Breast Cancer ScreeningBreast cancer is regarded as a prominent cause for premature mortality among US women. Since early detection can help to reduce breast cancer morbidity and mortality, breast cancer screening is very important for women’s health care. However, the American Cancer Society (ACS) updated its breast cancer screening guidelines for women who are at an average risk of developing breast cancer. This is the first update since 2003, which should be considered by both physicians and women in their discussion regarding breast cancer screening. The physicians should also bear this update in mind when it comes to radiology medical billing.

The ACS set the recommendations after commissioning a systematic evidence review of breast cancer screening. The previously recommended age for women to start screening with mammography was 40. After examining the data carefully, the guideline development group found the burden of disease among the women aged 40 to 54 is not uniform. It was concluded that the breast cancer risk is lower for women aged 40 to 44 while considering incidence and the risk of a false positive is a bit higher. With this conclusion, the earlier recommendation to begin screening at 40 has become invalid.

The new ACS breast cancer screening recommendations published in the JAMA journal are as follows.

  • Women having an average risk for breast cancer should undergo regular screening mammography beginning at age 45 years (strong recommendation)
  • Women aged 45 to 54 years should be screened annually (qualified recommendation)
  • Women 55 years and older should transition to biennial screening or have the opportunity to go on with their annual screening (qualified recommendation)
  • Women should have the opportunity to start annual screening between the ages of 40 and 44 years (qualified recommendation)
  • Women should continue screening mammography until their overall health is good and they have a life expectancy of 10 years or longer (qualified recommendation)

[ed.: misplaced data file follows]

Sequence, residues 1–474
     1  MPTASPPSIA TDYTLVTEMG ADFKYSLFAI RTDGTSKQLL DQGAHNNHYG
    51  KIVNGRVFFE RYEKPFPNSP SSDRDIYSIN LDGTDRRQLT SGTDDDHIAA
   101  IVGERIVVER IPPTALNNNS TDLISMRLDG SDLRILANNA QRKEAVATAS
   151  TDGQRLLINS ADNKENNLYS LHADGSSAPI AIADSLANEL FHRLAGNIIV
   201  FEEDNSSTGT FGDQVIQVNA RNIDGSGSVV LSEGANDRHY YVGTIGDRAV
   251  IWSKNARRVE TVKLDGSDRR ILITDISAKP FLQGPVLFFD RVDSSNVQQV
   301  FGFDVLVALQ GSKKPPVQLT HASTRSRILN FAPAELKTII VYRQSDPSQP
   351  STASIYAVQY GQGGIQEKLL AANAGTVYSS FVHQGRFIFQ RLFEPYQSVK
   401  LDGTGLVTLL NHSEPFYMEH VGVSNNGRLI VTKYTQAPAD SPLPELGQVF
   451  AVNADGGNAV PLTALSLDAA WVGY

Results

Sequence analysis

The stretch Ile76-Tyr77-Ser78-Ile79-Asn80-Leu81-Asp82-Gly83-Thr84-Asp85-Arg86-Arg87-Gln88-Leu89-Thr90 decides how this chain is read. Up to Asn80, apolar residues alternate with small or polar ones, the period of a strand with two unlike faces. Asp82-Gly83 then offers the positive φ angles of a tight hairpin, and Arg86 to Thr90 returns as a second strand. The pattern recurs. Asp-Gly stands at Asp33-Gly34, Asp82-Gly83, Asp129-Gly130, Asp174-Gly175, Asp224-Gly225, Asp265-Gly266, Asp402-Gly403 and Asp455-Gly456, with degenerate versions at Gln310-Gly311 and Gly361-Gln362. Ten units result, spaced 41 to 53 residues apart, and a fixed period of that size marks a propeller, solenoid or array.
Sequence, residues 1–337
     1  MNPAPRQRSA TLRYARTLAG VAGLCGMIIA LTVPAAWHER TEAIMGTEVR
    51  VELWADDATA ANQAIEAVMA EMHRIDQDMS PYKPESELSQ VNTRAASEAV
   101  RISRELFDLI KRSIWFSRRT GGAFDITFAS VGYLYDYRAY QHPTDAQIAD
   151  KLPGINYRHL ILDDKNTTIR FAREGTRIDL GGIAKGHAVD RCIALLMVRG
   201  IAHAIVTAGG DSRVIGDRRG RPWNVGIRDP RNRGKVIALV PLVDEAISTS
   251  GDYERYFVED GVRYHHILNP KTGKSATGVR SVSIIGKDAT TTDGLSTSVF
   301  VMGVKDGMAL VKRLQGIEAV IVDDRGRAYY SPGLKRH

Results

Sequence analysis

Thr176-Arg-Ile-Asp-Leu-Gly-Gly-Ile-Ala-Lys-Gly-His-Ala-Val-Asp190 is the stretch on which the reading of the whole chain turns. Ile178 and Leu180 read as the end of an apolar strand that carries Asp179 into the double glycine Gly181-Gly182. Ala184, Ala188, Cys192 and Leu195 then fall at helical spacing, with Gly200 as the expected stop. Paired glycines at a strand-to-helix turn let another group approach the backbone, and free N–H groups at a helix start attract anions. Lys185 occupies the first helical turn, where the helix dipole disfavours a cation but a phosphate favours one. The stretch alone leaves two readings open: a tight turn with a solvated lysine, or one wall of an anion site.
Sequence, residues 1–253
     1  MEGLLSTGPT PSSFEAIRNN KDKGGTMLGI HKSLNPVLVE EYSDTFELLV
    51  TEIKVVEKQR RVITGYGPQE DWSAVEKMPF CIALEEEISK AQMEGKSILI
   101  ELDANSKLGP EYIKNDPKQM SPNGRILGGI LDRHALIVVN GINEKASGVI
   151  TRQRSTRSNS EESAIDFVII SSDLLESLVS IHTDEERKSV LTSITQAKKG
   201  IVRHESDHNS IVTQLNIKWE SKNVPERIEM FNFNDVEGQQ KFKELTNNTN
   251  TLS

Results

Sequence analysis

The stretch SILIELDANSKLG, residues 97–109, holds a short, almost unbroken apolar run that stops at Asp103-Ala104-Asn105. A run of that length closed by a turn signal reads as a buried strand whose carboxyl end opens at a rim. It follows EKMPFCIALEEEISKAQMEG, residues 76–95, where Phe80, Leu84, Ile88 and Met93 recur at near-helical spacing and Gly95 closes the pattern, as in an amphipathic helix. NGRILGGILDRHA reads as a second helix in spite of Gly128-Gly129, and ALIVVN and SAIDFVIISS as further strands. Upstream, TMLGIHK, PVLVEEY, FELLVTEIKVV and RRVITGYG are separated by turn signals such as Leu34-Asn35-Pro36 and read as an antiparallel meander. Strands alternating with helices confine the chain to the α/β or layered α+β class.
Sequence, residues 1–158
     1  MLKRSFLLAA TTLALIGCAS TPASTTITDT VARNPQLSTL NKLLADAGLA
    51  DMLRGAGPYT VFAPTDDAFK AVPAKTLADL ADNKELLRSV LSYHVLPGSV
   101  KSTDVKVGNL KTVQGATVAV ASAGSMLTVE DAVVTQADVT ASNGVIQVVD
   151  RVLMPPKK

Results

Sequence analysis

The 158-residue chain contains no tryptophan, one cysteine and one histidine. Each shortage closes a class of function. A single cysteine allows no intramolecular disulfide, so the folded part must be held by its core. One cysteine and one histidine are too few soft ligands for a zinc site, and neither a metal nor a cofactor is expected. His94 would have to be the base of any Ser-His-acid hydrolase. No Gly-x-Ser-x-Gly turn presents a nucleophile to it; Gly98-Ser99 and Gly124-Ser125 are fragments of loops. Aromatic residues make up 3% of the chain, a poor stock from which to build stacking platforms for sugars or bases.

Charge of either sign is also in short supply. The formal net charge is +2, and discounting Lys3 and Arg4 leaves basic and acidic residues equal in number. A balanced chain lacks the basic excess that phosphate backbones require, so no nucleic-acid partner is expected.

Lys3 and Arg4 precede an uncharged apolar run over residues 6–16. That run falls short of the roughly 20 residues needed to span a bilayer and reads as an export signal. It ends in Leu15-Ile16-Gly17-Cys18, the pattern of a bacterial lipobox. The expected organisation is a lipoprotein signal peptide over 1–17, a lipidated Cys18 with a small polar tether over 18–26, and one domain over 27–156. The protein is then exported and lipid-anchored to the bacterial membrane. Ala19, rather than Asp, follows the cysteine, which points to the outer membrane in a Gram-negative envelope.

• Clinical breast examination is not recommended for breast cancer screening among average-risk women at any age (qualified recommendation)

It is not clear whether these guidelines will have an impact on health insurance plans. Normally, health plans examine medical guidelines and evidence from different sources for developing their coverage rules. The new recommendations may provide insurance plans a different framework to evaluate their coverage decisions. It is expected that there may not be any significant impact since most health plans cover mammogram for women age 40 to 50 if recommended by relevant physician. Even so, it is always better to bill your claims for mammography with the help of experts in this field or professional medical billing and coding companies.

You can use the following CPT/HCPCS codes to report screening mammography.

  • Analog (conventional) Mammography: Bilateral Screening Mammogram 77057
  • Digital Mammography: Bilateral Screening Mammogram G0202
  • Digital mammogram with CAD: Computer Aided Detection (CAD) 77052 (add-on code to be used with 77057 and G0202)

Since screening mammography is considered bilateral, there is no need to report the code with modifier 50 or RT/LT.